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Archives of an email list on the history of binoculars. - page 147 / 150





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limited redeeming personal growth found in M-22 disassembly!  

It should be noted that my first attempt at cleaning the internal guts of an M-22 was my first and my last.  While I was successful in my endeavor, it is not a task I wish to repeat.  Special kudos and the elusive "Steiner White Glue Contortion Award" should go out to Mike Rivkin and the entire optical service crew at Deutsche Optik for successfully restoring hundreds of used IDF Steiner 7X50's back to amazingly good health.  Since the DO optical shop is still open, I would give the good folks there a call at (619-491-9270) to see if they would be willing to accommodate "M-22 servicing" requests.  Since I am pretty sure that Mike still has periodic nightmares of seeing a room full of techs toiling away with the removal of "official Steiner white silicone glue," maybe the master himself can lend some additional wisdom to this post.

A quick look at the issues.............................................

The Hazy Prism Issue:

M-22's were supposed to be impervious to water in the "battlefield setting."  Well, after looking through hundreds of surplus units, it appears that this was not the case.  Moisture and outright water would usually find a way in, either

around poorly glued Makrolon pieces or possibly through structural cracks.  Usually, this condition was found only on one side of the unit.  The unofficial battlefield "quick repair" was to pull the hinge and replace the bad side with the same side cannibalized from another unit (usually having the same problem).  The bad side was usually scrapped or saved for surplus disposal, depending on the condition.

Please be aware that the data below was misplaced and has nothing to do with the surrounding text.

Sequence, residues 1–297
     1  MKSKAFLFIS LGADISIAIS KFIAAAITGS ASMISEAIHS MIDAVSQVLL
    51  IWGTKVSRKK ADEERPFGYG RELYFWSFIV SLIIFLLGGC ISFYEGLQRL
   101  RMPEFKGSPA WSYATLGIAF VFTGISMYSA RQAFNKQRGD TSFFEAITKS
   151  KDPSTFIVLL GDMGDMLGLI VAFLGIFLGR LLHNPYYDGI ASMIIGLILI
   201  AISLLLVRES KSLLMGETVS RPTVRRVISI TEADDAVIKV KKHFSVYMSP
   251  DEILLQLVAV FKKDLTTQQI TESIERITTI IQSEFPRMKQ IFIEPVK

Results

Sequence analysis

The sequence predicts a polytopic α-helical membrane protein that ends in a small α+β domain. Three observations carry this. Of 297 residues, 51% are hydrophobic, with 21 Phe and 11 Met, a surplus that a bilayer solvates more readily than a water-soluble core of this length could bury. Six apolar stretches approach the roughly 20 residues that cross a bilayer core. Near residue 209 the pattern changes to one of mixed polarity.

The Collimation Issue:

Collimation was not generally a major problem unless the unit had hinge damage from an accidental drop or started life deformed straight from the factory.  When I did find collimation errors, I would pull the hinge, and replace one side with another until the error was down to a degree (or two).  Finding perfection (< 1 degree off) was pretty much illusive, so there really is some point of no return with this glass.  But, I am sure that some of the OM's out there might have special tricks and techniques to rectify the impossible.  

The N2 Leakage Issue:

I really question how well the nitrogen held within the M-22 body. Using silicon glue as a quasi-structural component for the body's integrity is not the most reassuring design concept.  My best guess is that N2 leakage would have been fairly common in all the binoculars, especially over a period of years.  This logic also goes for the purge space between the objective and the laser filter.

The Parts Issue:

Finding parts for the M-22 is not a major concern.  Glass can still be obtained from Pioneer and many external parts and rubber armor can still be purchased through Optic Options, at 1-800-872-0273.  

Visit (http://www.binocularsource.com).  Laser filter replacements are no longer available.

The Abrasive Grime Build-Up Issue:

(The following process can be used to safely clean, renew, and protect rubber armor on any binocular, but this works like magic on an M-22!)

As far a cleaning the naturally porous and sticky rubber found on the M-22, I tested and tried several dozen products over countless months with little success.  Finally my trusty BMW mechanic suggest that I try a product called Castrol Super Clean (http://www.castrolusa.com/products/product_questions.asp?product_id=44&product_category=6). He claimed it was the "end all" cleaner for his big rubber "o" rings and other assorted grimy rubber products.  This product can

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